LONDON, UK — If you live outside Britain, you can be forgiven for thinking — in the wake of the publication of topless photographs of Kate Middleton — that the UK is a nation of outraged patriotic citizens furiously waving Union Jack flags in protest at the treatment of their future queen.
As Prince William successfully pursued an injunction this week to halt further publication of images of his sunbathing wife that first appeared in France's Closer magazine and have been reprinted in Italy and Ireland, the outcry in the British media seems to suggest as much.
"It's a Kate crime," the tabloid Sun punned furiously from its front page. The Daily Mail decried the "Grotesque!" snapshots and reported the royal family's fears that the media would turn Kate into a "new Diana."
Such anger will probably be stoked further by wider circulation of the offending images on the internet and this week's decision by the Danish celebrity magazine Se og Hoer to print a 16-page spread to explain "what these photos are all about."
It's easy to believe the indignation applies to Britain as a whole. Especially after millions of devoted Britons were seen eagerly celebrating both a royal wedding and the 60th anniversary of their queen's reign in the past two years.
Such devotion can be baffling to outsiders who, although they may enjoy the pageantry of a royal celebration and the soap opera of a family always in the public eye, may struggle to comprehend why a democratic country would believe its queen has a divine right to rule.
But while some in Britain undoubtedly bestow mystic powers of infallibility on the somewhat interbred European aristocrats that Queen Elizabeth II counts as her ancestors, there are considerably more who are willing to hold her to account.
Academic scrutiny of the relationship between British citizens and their royalty is surprisingly thin on the ground, but Professor Michael Billig, a sociologist who tackled the issue in his 1980s study "Talking of the Royal Family," says his findings still hold true.
As Prince Charles and his new bride Diana were subjected to the same attention that Prince William and Kate are undergoing today, Billig and his team crisscrossed the country asking family members if and why they supported the royals.
"We found almost general acceptance or belief that Britain is better off with the monarchy than without," he said in an interview. "But we also discovered that there was a delight in criticizing members of the royal family and discussing them."
Silent reverence, Billig said, was rare. Most interviewees indicated their affection for the monarchy would quickly evaporate if members were seen as failing to earn their keep.
"One aspect remains constant," he added, "which is a sense that if any member of the royal family receives their privilege and wealth but doesn't contribute back, they will be strongly criticized."
That, according to Billig, has always been the case. Queen Victoria courted unpopularity in the late 19th century when she shied from public duty and decamped to Scotland. Prince Andrew's then-wife Sarah Ferguson was widely disparaged in the 1980s for courting popularity. Even the beloved Princess Diana endured bouts of public disapproval for her affairs and perceived disdain for her in-laws.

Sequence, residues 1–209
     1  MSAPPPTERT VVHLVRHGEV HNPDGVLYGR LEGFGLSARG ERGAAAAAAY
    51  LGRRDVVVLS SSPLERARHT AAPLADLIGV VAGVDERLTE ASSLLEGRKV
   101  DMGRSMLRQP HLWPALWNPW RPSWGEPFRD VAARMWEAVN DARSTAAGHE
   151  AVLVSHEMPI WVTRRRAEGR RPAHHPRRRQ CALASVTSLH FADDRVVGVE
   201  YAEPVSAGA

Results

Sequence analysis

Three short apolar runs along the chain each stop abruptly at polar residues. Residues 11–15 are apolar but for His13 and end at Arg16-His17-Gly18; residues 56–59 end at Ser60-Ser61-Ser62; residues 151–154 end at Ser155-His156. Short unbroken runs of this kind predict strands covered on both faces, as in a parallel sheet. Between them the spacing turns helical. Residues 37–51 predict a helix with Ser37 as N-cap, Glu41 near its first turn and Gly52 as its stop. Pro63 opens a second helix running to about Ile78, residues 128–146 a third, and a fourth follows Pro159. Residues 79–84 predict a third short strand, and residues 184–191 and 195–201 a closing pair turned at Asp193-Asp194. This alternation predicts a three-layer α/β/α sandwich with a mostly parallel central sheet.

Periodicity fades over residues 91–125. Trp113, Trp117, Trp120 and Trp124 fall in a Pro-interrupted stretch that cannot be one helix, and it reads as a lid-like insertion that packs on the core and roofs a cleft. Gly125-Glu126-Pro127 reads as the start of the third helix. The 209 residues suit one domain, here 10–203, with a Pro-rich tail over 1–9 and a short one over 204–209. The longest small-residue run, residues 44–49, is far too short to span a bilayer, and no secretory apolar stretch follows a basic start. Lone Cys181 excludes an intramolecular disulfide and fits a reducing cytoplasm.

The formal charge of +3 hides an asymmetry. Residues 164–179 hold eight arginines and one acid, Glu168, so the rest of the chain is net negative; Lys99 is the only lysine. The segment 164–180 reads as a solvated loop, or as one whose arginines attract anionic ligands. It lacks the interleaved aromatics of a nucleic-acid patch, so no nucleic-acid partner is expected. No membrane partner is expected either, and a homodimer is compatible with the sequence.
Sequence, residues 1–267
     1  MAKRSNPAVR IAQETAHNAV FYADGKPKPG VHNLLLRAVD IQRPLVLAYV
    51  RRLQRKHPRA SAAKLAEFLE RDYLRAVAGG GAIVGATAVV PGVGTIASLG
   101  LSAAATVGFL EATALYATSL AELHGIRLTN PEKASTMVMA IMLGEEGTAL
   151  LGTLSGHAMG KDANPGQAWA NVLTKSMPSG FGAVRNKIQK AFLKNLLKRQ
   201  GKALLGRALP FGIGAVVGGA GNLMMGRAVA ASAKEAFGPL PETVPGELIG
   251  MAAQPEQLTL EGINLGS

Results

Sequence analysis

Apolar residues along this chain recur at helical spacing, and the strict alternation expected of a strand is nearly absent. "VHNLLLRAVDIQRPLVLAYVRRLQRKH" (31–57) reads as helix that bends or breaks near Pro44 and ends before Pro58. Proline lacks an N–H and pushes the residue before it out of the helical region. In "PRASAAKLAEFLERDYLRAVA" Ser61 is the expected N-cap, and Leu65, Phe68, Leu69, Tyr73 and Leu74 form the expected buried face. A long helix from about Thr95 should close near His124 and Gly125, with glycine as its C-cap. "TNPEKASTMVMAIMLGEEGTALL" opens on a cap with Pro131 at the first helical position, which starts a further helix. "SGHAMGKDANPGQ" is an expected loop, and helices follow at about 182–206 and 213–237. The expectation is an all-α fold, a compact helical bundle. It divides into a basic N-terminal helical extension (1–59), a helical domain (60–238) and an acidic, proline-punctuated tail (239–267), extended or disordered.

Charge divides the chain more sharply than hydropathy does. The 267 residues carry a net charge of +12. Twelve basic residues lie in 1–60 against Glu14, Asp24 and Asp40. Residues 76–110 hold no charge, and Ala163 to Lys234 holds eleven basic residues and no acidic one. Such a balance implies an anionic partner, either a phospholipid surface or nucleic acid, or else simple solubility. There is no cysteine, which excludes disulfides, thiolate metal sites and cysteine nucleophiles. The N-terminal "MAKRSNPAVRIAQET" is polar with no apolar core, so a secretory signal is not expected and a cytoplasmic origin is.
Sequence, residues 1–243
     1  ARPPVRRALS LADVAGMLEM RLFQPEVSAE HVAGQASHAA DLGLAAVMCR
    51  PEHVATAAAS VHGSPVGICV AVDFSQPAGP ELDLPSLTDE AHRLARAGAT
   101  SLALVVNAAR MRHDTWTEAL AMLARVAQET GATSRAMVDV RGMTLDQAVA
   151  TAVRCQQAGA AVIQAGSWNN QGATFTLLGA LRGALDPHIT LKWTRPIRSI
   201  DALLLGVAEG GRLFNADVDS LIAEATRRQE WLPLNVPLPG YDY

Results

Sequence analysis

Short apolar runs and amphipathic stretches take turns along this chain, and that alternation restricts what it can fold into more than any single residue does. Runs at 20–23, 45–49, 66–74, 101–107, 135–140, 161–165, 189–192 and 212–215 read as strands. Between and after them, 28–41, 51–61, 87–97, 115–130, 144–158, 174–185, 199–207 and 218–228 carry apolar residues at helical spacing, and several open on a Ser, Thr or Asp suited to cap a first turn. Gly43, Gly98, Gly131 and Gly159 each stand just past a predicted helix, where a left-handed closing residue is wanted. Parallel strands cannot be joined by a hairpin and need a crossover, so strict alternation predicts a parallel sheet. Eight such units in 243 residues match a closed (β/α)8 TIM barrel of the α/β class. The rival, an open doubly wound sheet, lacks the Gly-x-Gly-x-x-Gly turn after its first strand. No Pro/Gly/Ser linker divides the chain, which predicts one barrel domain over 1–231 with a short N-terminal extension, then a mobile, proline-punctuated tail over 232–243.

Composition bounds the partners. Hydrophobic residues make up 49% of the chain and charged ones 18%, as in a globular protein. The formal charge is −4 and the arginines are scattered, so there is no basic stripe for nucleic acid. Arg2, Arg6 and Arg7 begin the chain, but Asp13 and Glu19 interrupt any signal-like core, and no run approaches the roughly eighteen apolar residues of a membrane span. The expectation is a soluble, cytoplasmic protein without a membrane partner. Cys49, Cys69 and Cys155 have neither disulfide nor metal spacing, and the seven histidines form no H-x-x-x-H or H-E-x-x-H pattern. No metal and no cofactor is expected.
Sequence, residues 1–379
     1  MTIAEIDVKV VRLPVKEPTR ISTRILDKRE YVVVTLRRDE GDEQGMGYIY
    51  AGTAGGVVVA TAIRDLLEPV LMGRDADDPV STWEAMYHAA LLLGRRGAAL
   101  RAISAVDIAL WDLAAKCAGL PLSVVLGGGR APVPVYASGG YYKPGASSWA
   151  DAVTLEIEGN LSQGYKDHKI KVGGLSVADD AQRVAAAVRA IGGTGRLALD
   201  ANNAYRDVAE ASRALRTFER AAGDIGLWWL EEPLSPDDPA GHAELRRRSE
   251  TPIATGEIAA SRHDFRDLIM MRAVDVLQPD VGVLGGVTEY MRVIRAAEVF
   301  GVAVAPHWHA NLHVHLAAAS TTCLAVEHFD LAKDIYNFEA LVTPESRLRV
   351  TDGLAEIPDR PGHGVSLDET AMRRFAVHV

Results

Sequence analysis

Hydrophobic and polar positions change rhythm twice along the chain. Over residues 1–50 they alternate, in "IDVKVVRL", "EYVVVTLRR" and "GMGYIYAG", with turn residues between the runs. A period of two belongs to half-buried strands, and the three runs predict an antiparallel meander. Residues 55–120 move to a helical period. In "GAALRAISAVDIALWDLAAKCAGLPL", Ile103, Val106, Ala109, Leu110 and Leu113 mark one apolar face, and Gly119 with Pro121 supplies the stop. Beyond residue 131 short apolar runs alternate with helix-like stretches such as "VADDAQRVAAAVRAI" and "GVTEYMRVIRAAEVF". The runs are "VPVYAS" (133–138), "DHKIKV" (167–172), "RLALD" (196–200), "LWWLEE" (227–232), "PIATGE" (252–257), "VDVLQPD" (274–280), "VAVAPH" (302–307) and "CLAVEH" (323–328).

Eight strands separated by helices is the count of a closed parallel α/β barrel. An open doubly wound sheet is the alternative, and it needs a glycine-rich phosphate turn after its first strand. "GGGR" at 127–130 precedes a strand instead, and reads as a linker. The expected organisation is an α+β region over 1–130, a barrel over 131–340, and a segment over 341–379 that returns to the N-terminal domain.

Thus Prince Harry, although frequently photographed stumbling drunkenly out of taxicabs or notoriously snapped playing naked billiards in Las Vegas, can be forgiven because he is a serving member of the military currently deployed in Afghanistan.
Harry's father Prince Charles, often accused of overstepping his remit, is given a rougher ride. This week, a judge ordered the government to publish letters from Charles some say may reveal his unconstitutional attempts to meddle in lawmaking.
The Duchess of Cambridge, as Kate is officially titled, has yet to make a serious transgression. So far the reaction from Britain's streets, if not its media, to the publication of the topless photographs appears to be one of mild concern with a dash of prurience.
"Yes I've Googled [the photos], I reckon everyone has, just out of curiosity," shrugged Kevin, a 28-year-old IT worker who declined to give his last name. "I suppose people could be upset by something like that, but I'm not going to go 'you can't do that to our royal family' or anything."
Others professed mild indifference to the royal family in general.
"I've never really thought about it — they're just there," said Sally Green, a trainee legal secretary. "They don't do any harm, in fact they probably help bring in the tourists. I'm not crazy about them, but I can't say I want to get rid of them."
Shop owner Anil Mukherjee called the royals "part of the landscape."
"They don't make sense really," he said, "but that's usual for this country. I know some people want to get rid of them, but why not have them?"
Britain isn't without republicans, as those against the monarchy are called. The pressure group Republic has campaigned for three decades for the abolition of hereditary systems it says are undemocratic, unaccountable and expensive.
But its members are in a minority. A poll earlier this year revealed that 69 percent of Britons believe the country would be worse off without the royals, compared to 22 percent who think otherwise. Satisfaction with the queen has never been higher.
While many of them may also be happy to criticize the royals, as Billig found, some fit the devoted, flag-waving images outsiders tend to entertain.
Among them is Margaret Tyler, a 68-year-old who named her son after Prince Andrew and whose London home is crammed with more than 10,000 pieces of royal memorabilia including, she says, a lock of Princess Diana's hair.
"Whenever you meet the royal family, you know you're in a different presence," Tyler told GlobalPost. "I've met the queen four times and there's definitely an aura about her. You never forget it."